The Fall 2014 Anime Preview Guide
Lord Marksman and Vanadis


Theron Martin

Rating: 2 (of 5)

Review:
In a fantasy setting that is apparently supposed to be based at least partly on medieval Western Europe, Tigrevurmond Vorn is a nobleman who governs the province of Alsace and is supremely-talented with a bow, a skill which is not much respected by his fellow noblemen. His country, Brune, is at war with Zhcted, but the numerical advantage that they have is more than offset by the warrior maidens called Vanadis on the Zhcted side, who all wield magical weapons. In fact, Tigre is captured when a battle in which they should have had a massive advantage turns into a rout, but he is captured instead of killed by one of the Vanadis, Lady Elanora, who respected his archery talent and willingness to stand and try to shoot her down even when the battle was clearly lost. Elanora initially claims that she's holding him for ransom but later admits that she's in love with his archery and wants him to serve her, something that Tigre is reluctant to do because of his obligations to Alsace, especially once he hears that a particularly cruel Brune nobleman has set his sights on Alsace in his absence. Elanora is not about to let him handle that problem alone, however.

The concept behind this light novel-based series is a solid one, and even has a fair amount of potential, especially since it's almost immediately apparent that Elanora is fooling almost no one but herself with her insistence that she's only in love with Tigre's skills. The execution in the first episode flashes all sorts of warning signs, however. The writing makes such a concerted effort to portray most of the rest of the Brune nobility as rotten bastards that is goes over-the-top, stereotypical anime trappings are all too cumbersomely apparent, and the handling of Tigre by Zhcted seems much too casual given that he is an enemy soldier, even if he is being treated as Elanora's “guest.” The artistic effort is not a sharp one, either – a big surprise, given that Satelight has often been on the cutting edge of anime artistry over the past decade. While not necessarily a negative, fan service is also apparently going to be a major focus, as both the character designs and the camera emphasize the busty builds of both Elanora and her chief underling Limalisha, who is also a Vanadis. (The opener and closer suggests that the other Vanadis form a cross-section of popular anime girlfriend archetypes.) One additional scene also shows Elanora to have a somewhat more enlightened view on the whole “accidentally seen while bathing” shtick, which is refreshing in some senses but also seems a little too contrived in set-up.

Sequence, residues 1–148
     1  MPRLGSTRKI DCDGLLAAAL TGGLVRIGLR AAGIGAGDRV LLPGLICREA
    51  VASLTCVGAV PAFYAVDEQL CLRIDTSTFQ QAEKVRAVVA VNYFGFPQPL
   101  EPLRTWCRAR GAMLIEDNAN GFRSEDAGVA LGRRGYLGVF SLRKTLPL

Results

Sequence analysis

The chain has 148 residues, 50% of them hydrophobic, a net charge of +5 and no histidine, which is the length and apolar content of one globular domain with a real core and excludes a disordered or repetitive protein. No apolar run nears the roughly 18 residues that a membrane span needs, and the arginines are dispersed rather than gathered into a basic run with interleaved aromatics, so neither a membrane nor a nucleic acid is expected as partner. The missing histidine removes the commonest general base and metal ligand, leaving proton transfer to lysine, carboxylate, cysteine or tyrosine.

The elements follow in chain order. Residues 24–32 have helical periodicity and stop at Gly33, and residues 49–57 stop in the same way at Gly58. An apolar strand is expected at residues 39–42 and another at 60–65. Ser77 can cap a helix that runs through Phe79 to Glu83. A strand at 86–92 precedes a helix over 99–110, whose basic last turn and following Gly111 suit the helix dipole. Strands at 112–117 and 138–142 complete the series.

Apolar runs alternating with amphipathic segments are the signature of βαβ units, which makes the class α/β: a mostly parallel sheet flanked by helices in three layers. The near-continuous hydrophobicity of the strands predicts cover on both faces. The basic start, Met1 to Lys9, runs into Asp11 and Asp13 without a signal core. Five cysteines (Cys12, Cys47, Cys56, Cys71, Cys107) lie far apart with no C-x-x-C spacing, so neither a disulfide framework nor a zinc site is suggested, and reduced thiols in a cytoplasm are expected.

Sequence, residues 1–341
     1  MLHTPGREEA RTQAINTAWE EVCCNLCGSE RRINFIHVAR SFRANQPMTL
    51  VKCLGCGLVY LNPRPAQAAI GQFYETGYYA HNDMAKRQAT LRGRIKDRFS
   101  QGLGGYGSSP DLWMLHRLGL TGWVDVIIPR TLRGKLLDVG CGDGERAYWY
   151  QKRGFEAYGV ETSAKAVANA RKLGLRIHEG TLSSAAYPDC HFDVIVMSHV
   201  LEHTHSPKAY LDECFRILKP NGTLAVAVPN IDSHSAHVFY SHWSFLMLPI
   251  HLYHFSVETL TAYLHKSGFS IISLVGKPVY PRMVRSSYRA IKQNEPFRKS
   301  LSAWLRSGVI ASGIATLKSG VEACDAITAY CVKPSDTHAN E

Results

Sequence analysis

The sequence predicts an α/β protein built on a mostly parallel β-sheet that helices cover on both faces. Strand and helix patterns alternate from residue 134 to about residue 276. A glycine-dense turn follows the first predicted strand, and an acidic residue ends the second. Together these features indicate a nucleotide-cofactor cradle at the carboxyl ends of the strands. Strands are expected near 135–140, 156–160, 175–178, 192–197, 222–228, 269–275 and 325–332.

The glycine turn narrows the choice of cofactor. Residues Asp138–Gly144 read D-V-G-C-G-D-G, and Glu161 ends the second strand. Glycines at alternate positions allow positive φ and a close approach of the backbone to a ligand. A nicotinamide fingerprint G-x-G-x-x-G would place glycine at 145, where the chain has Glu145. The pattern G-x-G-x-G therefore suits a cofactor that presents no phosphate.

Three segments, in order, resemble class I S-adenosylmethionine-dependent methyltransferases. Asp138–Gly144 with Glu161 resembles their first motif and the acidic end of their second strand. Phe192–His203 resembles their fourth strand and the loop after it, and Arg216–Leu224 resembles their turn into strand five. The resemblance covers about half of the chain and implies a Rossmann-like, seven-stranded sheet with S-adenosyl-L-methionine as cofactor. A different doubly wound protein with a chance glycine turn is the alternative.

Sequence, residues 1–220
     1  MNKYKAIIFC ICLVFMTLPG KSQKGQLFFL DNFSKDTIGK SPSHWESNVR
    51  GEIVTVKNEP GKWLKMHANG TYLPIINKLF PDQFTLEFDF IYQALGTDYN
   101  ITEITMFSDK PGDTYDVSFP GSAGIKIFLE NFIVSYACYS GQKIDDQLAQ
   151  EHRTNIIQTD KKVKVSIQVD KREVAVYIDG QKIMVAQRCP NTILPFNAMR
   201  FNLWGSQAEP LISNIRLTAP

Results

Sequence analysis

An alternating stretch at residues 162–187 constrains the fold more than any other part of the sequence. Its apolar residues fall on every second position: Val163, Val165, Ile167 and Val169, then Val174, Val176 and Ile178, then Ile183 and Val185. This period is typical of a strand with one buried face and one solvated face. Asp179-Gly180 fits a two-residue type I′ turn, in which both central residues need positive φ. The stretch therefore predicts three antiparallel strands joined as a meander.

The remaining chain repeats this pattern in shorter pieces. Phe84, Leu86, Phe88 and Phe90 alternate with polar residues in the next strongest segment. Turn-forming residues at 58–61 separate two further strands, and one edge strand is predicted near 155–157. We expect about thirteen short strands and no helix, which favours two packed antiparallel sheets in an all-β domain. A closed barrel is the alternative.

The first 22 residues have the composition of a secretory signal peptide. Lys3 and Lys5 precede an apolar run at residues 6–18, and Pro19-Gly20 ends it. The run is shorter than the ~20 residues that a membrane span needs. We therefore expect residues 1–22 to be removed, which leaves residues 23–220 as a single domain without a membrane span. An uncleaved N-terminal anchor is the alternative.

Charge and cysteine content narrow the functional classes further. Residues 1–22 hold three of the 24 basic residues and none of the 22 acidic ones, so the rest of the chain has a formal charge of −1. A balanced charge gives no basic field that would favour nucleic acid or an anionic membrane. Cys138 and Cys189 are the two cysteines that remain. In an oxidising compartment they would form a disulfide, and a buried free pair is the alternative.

Thus Lord Marksman and Vanadis might still go places if it can establish the central Tigre/Elanora relationship well enough while still being credible in its plotting. It is looking just as likely at this point to be a thinly-veiled harem series set in a fantasy setting, however.

Lord Marksman and Vanadis is currently streaming on Funimation.com.


Hope Chapman

Rating: 3

You know how Game of Thrones would frequently frame its exposition scenes with big piles of boobies, whether those scenes needed them or not? Two guys could be talking about heirs to the throne or house conflicts and maybe it's interesting by itself or maybe it isn't, but regardless, those boobs would be there to make sure you were paying attention. Lord Marksman and Vanadis is kind of like that, but more anime.

The content here is perfectly adequate, not-necessarily-interesting-yet-but-not-wholly-generic-either fantasy with heavy sociopolitical conflicts where everyone addresses one another by five-syllable names that must be dreadfully inconvenient to shout in warning during battle. ("LORD TIGREVURMUD, LOOK OUT FOR THAT ARROW--whoops, too late.") Our hero with the ten-dollar moniker here is bland but not too bland, and the hostage situation he's found himself in is surprisingly complex and charming. I say "surprisingly" because the show kept Game-of-Thrones-ing us with jiggly racks during otherwise completely serious scenes full of complicated details of land n' lore. It isn't necessary, but it doesn't really hurt either, because the couple female leads we've just gotten to know are oddly nuanced and likable rather than just being bubbly fetish targets, which makes the "shiny sex doll highlights" on their skin especially odd. It both is and isn't "that kind of show."

It's also not a bad-looking anime, aside from some very questionable equine CGI. Everyone remains on-model pretty well, and there are nice brief bits of battle animation here, mostly ones that play with the first-person perspective of an arrow on its way to its fleshy target. It's an okay first episode, but the experience is mostly world-building and backstory without enough short, sweet impact to make the epic impression it's clearly aiming for. It will take a few more episodes to see if this fantasy-novel-punctuated-by-cleavage adaptation has any real weight to it, but for now this is fairly middle of the road fantasy anime du jour, blessed only with narrative clarity and visual competence, but as evidenced by nice little surprises like the recent Chaika - The Coffin Princess, those two things can go a long way in the long run.

Lord Marksman and Vanadis is available streaming on Funimation.


Rebecca Silverman

Rating: 2.5 (out of 5)

Lord Marksman and Vanadis is clearly based on a novel. What makes this so obvious? For one, the hero's name: Tigrevurmud. It just screams “fantasy novel,” and in fact is the sort of name lampooned in Dianne Wynne Jones' The Tough Guide to Fantasyland. The other major giveaway is the sheer amount of information packed into this first episode. Lord Marksman and Vanadis tries to give us as much world-building information as it possible can, filling us in on the countries, some terminology, where Tigre lives and that he's sort of impoverished as counts go, that the guys he was fighting against are actually kind of nice...it's as if the entire first novel was packed into this first episode. If that's not the case, then the novels must be very densely written, because really, this is an overfull half hour.